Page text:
May 03, 2006
Documentary Spotlights Affordable Housing
Social circles often meditate on statistics and figures when conversations turn to the lack of affordable housing on the South Fork. A new project underscores the individuals impacted by this issue, pulling them out of the shadows and giving the "crisis" a face everyone can recognize.
The League of Women Voters of the Hamptons premiered a documentary on Saturday at Southampton High School titled Trouble in Paradise: The Affordable Housing Crisis on the South Fork. More than 20 people attended, including County Legislator Jay Schneiderman, South-ampton Town Councilwoman Linda Kabot and town housing director John White. A second screening will be held on Saturday at 10 a.m. in the auditorium of East Hampton High School on Long Lane.
Creator and executive producer Barbara Jordan, a past co-president of LWV, traced the economic consequences and personal heartbreak unfurled in the wake of the affordable housing crisis on the South Fork.
Rule of thumb is that affordable housing should cost no more than 30% of a family's gross income, leaving them sufficient funds for other needs.
The 40-minute advocacy piece shows how the shortage of these homes has hurt employers in recruiting and retaining firefighters, police officers, healthcare workers, teachers, skilled tradesmen, civil service employees, bankers, retailers, and other employee groups.
"In the last 17 hirings, we've only hired seven local people," Todd Sarris, Chief of Police in the town of East Hampton reported in the film. The inability to hire local people has created some deployment problems when answering a call. The department has to allow for some lag time as officers commute to the scene.
Bridgehampton National Bank detailed similar employment figures. Of the more than 120 employees at the bank, 30% live outside the immediate area.
The film shows how the lack of reasonably-priced homes leaves no stone unturned, as it touches every demographic, from single adults fresh out of college, to young families just starting out, to senior citizens settling in.
The problem is most "acute" on the South Fork, Schneiderman remarked in the movie. "The price of housing has gotten so far ahead of local wages that much of the workforce is now priced out of the housing markets," he said.
The documentary also dispels some myths associated with affordable housing — that it ruins neighborhood character and values; the homes are of poor quality; it attracts non-locals to the area; it adds to the school populations and increases school taxes; and that it negatively impacts sewage flow and traffic.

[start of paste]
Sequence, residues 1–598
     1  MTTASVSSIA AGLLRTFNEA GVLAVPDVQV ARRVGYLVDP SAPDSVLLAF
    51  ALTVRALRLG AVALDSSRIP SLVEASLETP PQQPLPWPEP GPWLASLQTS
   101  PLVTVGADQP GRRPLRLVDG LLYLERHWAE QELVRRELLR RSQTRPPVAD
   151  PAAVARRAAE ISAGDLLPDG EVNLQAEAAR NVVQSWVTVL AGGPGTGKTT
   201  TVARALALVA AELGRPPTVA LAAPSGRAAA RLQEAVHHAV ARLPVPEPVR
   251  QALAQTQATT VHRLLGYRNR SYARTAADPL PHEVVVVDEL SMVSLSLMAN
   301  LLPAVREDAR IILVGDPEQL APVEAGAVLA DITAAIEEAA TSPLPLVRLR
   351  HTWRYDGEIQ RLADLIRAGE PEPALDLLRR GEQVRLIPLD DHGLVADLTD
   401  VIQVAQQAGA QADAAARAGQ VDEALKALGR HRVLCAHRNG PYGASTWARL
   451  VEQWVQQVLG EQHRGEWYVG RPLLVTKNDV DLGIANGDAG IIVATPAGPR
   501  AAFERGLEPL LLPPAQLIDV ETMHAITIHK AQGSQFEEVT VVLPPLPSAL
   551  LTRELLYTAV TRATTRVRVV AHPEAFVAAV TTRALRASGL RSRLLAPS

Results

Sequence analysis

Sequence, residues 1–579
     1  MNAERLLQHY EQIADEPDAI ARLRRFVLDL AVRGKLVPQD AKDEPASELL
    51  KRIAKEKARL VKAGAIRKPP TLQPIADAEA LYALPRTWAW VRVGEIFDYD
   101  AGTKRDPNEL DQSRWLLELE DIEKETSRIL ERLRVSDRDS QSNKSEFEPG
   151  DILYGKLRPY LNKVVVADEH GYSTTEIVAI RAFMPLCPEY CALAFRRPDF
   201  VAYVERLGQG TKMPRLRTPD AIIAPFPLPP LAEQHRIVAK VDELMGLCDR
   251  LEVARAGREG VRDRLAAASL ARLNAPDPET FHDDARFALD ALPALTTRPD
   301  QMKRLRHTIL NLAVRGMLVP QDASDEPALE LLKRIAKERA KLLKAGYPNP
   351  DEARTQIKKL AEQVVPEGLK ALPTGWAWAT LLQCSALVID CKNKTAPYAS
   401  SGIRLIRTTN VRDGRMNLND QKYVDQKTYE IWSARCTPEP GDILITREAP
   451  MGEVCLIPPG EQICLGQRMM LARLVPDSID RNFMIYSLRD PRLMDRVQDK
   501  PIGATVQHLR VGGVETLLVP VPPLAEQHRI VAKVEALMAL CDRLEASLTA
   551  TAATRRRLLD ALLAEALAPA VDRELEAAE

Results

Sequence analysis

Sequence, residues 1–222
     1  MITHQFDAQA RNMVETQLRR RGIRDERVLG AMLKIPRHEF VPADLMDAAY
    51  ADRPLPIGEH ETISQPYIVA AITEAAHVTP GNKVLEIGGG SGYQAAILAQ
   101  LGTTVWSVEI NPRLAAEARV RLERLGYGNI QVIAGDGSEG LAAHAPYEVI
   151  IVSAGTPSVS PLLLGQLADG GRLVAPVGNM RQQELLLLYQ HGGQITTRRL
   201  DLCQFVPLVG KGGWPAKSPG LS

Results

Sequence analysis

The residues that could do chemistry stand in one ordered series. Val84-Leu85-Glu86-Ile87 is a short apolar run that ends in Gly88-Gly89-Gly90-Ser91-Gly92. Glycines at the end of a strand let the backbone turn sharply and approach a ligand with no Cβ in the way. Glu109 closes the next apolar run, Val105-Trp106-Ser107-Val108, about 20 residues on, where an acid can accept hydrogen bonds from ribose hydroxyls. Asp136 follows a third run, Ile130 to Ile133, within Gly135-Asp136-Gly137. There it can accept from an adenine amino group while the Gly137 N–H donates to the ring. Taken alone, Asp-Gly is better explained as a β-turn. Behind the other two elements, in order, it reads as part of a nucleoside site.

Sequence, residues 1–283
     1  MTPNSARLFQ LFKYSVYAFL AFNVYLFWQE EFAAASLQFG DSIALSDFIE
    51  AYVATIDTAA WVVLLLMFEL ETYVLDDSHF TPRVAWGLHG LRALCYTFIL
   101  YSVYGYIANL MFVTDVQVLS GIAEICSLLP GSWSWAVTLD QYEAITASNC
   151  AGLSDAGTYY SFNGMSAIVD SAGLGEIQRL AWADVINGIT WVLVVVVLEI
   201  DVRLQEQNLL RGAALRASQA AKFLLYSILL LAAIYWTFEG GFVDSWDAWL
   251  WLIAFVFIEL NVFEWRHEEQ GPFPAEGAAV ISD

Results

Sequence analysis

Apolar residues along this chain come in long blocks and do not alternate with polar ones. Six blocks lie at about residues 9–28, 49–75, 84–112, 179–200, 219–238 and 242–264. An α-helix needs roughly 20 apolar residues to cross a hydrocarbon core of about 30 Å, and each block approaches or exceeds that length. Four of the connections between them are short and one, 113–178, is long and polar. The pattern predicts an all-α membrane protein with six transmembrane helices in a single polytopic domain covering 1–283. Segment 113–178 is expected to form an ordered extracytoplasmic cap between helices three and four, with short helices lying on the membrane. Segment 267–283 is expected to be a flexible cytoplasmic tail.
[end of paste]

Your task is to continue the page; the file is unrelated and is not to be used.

In the film, real estate agent James R. McLauchlen, who owns a company of the same name, pointed out a subdivision in Water Mill built in the early 1990s with houses ranging from $122,000 to $138,000. The surrounding properties had recently sold for millions of dollars. "In my opinion, affordable housing has not had any measurable effect upon the values of nearby homes," he said.
Bill Siegel, president of New Age Homes, said his company builds entry-level houses that adhere to the latest code and Energy Star standards, making them quality dwellings. And Diana Weir, vice president of the Long Island Housing Partnership, reported that 95% of the 3500 homes the organization has built have gone to people already living in the communities. She also said that single and separate homes tend to place more children in school districts than do town homes or flats with a homeownership component. This distinction applies to traffic impact as well.
If homes are designed with proper sewage treatment, "the ground water can be more protected than a standard septic system which provides no treatment for wastewater," Bob DeLuca,
president of Group for the South Fork, said in the documentary. "Therefore an intensely developed subdivision puts more wastewater into the ground untreated."
"People who are opposed to affordable housing are more vociferous than people who are in favor of it" simply because of misinformation, Jordan said after the film. At this point, she asked the audience to contribute their comments and suggestions.
Bruce Beyer recommended taxing the affluent or using existing taxes, such as the two percent transfer tax administered during the sale of a house, and putting the money back into the local workforce.
"I think that would be unconstitutional," Jordan replied.
Employers need to be better engaged in affordable housing discussions, said Doreen Fratello. "They need to come forward."
"What do we really want here?" asked Ava Mack, who added that she was tired of people just talking about the issue. "It's time for someone to do something."
There has been "a lot of talk and not enough action," Councilwoman Kabot later concurred. Southampton Town is slowly addressing the crisis, she said, adding that the problem is more prevalent east of the Shinnecock Canal. "But it's incumbent on the town board for us to move forward."
White commented that it was time to start producing more solutions. He said it was important to support elected officials who take on the issue because they often feel isolated.
"I think 'courage' is the operative word," White said, adding that people who want to stay here should make their message clear.
According to LWV, housing prices on the South Fork are more than three times the national average of $188,000. During the last four years, home prices have increased 81% while salaries have increased only 14%, the group reports.